Change vs. continuity
None of this has been achieved so far. While the protests provoked the end of the third premiership of Robert Fico, who was replaced by his former deputy Peter Pellegrini, the governmental coalition of SMER-Social Democracy, the Slovak National Party and MOST-HÍD has persisted. This despite several disagreements resulting in resignation of the minister of justice and the minister of culture. At the same time, it remains obvious that Fico still plays a major part in shaping the government’s actions. New nominations, such as the new interior minister Denisa Saková, a former state secretary of Róbert Kaliňák, and the new police chief Milan Lučanský, a close associate of Kaliňák, indicate continuity, rather than substantial change in the government. The grip on key state agencies by governmental parties allows for continuing extraction of the national and EU funds and covering up previous affairs.
Moreover, the government continues to fabricate problems, which the country really does not have: a violent coup organised by the Soros-sponsored NGOs, Maidanisation of the protest by the opposition, refugees’ threat, dictate of Brussels or journalists undermining the work of the government. These topics are intoxicating the society with the general feeling of mistrust towards the civic protest movement and of external threat, while portraying the governmental parties as guarantees of social order and security.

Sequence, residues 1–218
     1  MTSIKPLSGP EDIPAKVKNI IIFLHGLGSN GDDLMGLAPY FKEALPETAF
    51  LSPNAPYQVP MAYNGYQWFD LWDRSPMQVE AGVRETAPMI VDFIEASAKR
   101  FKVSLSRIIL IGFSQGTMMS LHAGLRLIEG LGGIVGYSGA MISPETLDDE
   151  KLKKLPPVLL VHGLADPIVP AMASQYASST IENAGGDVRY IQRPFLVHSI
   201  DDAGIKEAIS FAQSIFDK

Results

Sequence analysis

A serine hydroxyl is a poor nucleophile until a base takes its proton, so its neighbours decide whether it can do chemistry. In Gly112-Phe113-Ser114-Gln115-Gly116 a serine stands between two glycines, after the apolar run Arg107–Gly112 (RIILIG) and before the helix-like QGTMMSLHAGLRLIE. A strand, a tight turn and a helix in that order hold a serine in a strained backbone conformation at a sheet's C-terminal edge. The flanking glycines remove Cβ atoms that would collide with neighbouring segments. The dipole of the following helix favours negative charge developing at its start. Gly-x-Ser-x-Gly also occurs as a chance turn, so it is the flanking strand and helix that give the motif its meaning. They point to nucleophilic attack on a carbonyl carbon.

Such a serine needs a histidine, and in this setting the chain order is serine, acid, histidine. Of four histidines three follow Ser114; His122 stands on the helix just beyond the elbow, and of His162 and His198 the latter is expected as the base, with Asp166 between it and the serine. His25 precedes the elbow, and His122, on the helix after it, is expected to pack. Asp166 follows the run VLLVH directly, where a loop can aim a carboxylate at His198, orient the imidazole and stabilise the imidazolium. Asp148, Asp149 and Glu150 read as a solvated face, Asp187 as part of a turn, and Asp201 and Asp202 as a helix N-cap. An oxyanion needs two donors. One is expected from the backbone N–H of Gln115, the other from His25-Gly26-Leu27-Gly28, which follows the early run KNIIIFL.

Investigation by the suspects
This is while the investigation of the murder of the young couple, found dead in their house on 25 February, still has produced no results. Instead, it has brought many doubts on whether it is conducted impartially and properly, since Kuciak’s investigation of large-scale tax evasion has pointed also at the criminal activities and tax fraud operation by businessmen close to both the former prime minister Fico and interior minister Kaliňák. Inappropriate inspection of the crime scene, as well as recent seizure of the telephone of Jan’s Czech colleague Paula Holcová have left many question marks about the course of investigation by the Slovak police.
Moreover, the findings of Jan’s investigative work, which were most probably the reason for his death, still have not been addressed properly. The revelations of fraudulent practices in agribusiness by Italian mafia ‘Ndrangheta, closely connected to the governing party SMER-SD, which Jan described in his unfinished article for the news portal Aktuality.sk have been since expanded by an international investigative team.